With Virals, the initial idea was to record a bunch of songs I’d been writing on my own. Not necessarily for me to perform or sing. I just wanted to try something different and was keen to learn how a studio works. After making some pretty low quality demos a friend of a friend offered to “make them sound good”, so I gave it a shot. We aren’t really on the same page musically, but we had enough in common for it to work out. He handles all the production and I write the songs. After about a year of recording lost of songs/music, we figured you can’t finish a song or play it to someone else without vocals. These songs needed a voice. So I put my embarrassment aside and gave it a go. It was hard going, but I convinced myself that nobody would really hear it anyway. After a lot of effort, I got it to a point where I was happy and was surprised that people I played it to, didn’t really five me much of a hard time. So I’m moving forward with a bit more confidence. I’m a default singer.
Todd: How has your approach to songwriting evolved over the years? For these recordings that you’ve done without a full band, what do you generally start with as an initial track: guitar, vocals, drums…?
Shaun: When using a computer or any recording device, if you record a song on guitar to a click track, you can pretty much build a whole song around it. Or, if you have a friend who can play drums, you can get him to lay down drums to your guitar and then keep adding layer after layer, til you think your Brian Wilson and you sound like the Beach Boys. It’s pretty addictive and neat.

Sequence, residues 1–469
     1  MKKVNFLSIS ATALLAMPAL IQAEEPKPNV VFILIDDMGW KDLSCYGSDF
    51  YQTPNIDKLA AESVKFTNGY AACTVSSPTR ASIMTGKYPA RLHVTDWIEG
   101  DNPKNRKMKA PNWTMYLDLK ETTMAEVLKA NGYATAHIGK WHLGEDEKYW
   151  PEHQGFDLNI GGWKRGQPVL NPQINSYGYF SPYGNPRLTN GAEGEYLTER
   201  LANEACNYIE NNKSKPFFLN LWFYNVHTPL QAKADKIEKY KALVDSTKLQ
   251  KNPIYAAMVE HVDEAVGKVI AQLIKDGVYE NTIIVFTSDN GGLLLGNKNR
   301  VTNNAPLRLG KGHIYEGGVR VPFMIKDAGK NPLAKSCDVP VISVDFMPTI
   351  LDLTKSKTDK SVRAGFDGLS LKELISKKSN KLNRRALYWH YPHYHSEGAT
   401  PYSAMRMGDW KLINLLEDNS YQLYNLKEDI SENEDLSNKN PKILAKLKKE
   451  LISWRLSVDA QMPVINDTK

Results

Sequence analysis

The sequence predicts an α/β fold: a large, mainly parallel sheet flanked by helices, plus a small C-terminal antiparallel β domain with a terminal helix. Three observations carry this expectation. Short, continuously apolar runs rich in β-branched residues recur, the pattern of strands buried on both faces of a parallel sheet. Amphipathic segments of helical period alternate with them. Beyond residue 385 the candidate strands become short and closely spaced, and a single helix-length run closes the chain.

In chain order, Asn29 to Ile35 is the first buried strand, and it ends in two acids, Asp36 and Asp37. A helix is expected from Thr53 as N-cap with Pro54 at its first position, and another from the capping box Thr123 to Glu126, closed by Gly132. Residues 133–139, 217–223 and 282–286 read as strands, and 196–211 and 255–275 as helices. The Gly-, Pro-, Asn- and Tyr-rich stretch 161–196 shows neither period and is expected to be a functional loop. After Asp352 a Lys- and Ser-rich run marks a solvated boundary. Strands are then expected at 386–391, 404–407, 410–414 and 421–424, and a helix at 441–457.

The main change in my approach to songwriting, is sitting down and just trying to write a tune. Not something that sounds like a certain band I’m listening to. It’s taken me a long time to get to that point. If people think it sounds like other bands, that’s fine, but I’m not trying to ape a certain band and if I am, it’s probably not the band you think it might be.
Todd: How’d you decide to release music on Zoo? Did you know Brandon or Dee Dee?
Shaun: Well, they decided, which builds confidence. I played two shows with Crocodiles in the summer and they just asked after the show, if I wanted to do a record. I’d met Brandon a few years ago but I don’t think he remembered me and I don’t remember our conversation. I mainly remembered his mate Charlie’s football tattoo. But, both Dee Dee and Brandon have been really awesome. The process has been really cool. I’ve never actually put a record out on an American label before, so it’s great to finally do that. I also don’t think I could have met two nicer or more genuine people.
Todd: We’re pretty excited that we’ll get an opportunity to see you at SXSW. What did you learn from your last experience there, that might change your approach this time? (obviously, this interview was done prior to SXSW!)
Shaun: I really love Austin and have been back a few times outside of SXSW. I think I probably won’t try and play fourteen shows this time. I’ll definitely make some time to go swimming. I’ll definitely go to Whole Foods. I’ll probably hire a car and drive an hour to eat the best BBQ I’ve ever eaten. I probably won’t drink Five Sailor Jerry’s and Cream Soda’s before we play and then chuck it up doe to the shear amount of sugar in my belly.
Todd: Any plans for a full-length album in 2013?
Shaun: I have just finished another batch of songs, so probably another single or EP. I like putting out a few songs at a time. But, I’m not ruling out an LP, so keep an eye out, I guess.
Check out our interview with Shaun’s old band Lovvers while you watch this video from the band.
For more information on Virals, follow them on Facebook.